When choosing the ages of your characters, remember that most children like to read about characters who are older than them. For example, books aimed at children aged five to eight years, generally contain characters who are 10 or 11 years old.

Plotting Your Story

Generally speaking, children want and need you to get to the point quickly.

They don’t want back-stories, or lots of detailed description. To be fair, this is also true of many adults—but it’s especially true of children.

A top tip, then is just to launch straight into your story. Make sure that the main problem or action is introduced early—preferably on the first page.

Your plot then revolves around how your main characters solve the problem, usually overcoming a series of obstacles.

The key here is to get the right number of obstacles, of the right level of difficulty—and find a way for your characters to overcome them. This may be through the intervention of someone or something, or they may simply solve the problems themselves.

Choosing Your Words

Choice of words is key in children’s books. You have to pitch them at the right level—simple enough to understand without a dictionary, but complex enough to be interesting.

Many children’s books use repetition of phrases, ideas or sounds (through rhyme) as a way of creating interest (see box). This technique is also good for creating continuity, and makes the book more memorable.

Repetition in children’s books

We all like repetition. It helps us to remember ideas and images.

Many picture books use repeated phrases, ideas or sounds, often building them up through the book. Examples include:

  • Dr Seuss’s fabulous use of both rhyme and building up longer phrases.
  • Popular board books for very young children such as ‘That’s not my…’, which build on a repeated phrase (“That’s not my lion/mermaid/unicorn/whatever”) before changing it on the very last page to “THAT’s my …”.
  • Martin Waddell’s picture books often include a single phrase repeated in such as way as to create both humour and pathos. For example, in Owl Babies, three little owls are left alone. The two oldest try to rationalise the situation, a sentence at a time. However, each time they have both said something, the littlest owl just says, ”I want my mummy!”.

Books for older children often repeat ideas. For example, the first seven books in the Rainbow Fairies series (aimed at girls aged about 5 to 8) are about the seven fairies of the rainbow. Each one has to solve a slightly different, but related problem, with the help of two little girls. In each set of seven books in the series, there is a common problem (for example, a party that all seven fairies are helping to organise), and a common theme for the fairies, such as colours, jewels, or pets.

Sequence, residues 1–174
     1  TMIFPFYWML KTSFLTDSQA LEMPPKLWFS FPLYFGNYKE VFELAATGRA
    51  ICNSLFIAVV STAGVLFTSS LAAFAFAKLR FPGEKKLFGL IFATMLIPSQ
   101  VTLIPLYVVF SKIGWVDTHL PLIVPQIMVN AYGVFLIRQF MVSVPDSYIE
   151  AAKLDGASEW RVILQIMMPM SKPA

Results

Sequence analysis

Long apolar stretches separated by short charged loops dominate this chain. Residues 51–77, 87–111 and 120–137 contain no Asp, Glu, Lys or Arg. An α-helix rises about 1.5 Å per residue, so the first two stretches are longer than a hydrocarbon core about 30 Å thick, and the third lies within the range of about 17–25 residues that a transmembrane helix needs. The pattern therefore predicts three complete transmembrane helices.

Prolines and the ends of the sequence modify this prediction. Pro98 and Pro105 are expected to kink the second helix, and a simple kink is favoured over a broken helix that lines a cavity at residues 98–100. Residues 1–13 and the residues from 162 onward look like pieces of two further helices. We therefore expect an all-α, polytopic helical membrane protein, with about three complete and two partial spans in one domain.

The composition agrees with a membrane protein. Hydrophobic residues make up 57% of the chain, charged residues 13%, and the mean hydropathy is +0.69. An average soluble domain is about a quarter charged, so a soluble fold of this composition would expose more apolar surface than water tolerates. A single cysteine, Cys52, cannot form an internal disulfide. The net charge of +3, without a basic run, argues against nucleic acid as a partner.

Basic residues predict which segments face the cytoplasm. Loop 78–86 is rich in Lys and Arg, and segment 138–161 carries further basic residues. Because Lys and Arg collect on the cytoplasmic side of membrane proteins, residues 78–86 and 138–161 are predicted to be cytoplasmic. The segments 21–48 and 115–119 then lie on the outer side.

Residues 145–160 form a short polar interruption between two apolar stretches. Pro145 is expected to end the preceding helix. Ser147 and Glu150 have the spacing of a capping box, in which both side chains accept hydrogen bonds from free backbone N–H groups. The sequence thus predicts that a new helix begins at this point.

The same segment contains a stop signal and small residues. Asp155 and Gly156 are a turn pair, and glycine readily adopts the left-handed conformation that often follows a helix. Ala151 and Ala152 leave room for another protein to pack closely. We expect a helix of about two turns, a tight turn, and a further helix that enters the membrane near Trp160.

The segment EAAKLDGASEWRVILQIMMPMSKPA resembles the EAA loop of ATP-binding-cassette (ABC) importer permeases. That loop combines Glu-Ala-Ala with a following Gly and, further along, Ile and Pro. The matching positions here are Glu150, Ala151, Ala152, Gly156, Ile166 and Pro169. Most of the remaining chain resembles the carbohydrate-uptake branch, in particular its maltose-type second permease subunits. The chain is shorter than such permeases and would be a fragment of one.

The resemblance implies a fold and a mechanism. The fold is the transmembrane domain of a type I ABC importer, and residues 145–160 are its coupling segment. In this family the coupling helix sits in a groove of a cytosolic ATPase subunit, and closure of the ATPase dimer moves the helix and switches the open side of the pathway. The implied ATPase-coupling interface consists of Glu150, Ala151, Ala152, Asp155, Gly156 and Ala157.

It is also important to choose your title carefully. Using repeated sounds such as alliteration or assonance are good (for example, The Cat in the Hat, or George’s Marvellous Medicine). You want something exciting in the title: a reason to read on.

For example, we know straight away, just from the title, that the Cat in the Hat is not going to be your average cat. No cats wear hats. Or consider another Dr Seuss classic, Green Eggs and Ham: who ever heard of green eggs?

Design and Illustration

The design, layout and pictures are crucial in a children’s book.

They cannot be afterthoughts. They have to be an essential part of the concept.

That said, they also need professional input. If you are writing a children’s book, you may have an idea about the illustrations and layout. However, it is a good idea to work with a professional illustrator and/or designer to develop your ideas. They will be able to take your ideas, and really make them work.

You will also need to work with an editor.

Of course you should revise your work yourself. You should particularly cut down the length as much as possible, and cut out any long or involved phrases. However, you will also need an editor.

It is a good idea to choose an experienced editor, who has previously published successful children’s books. Don’t be tempted to skip this stage, or think that you know best about your story. An editor’s input is invaluable.

And Finally…

The most important aspect of any writing, including writing for children, is just to keep going.

Children’s author Sarah Webb advises that the main difference between published and unpublished authors is persistence and resilience. Keep writing, and keep pushing towards publication.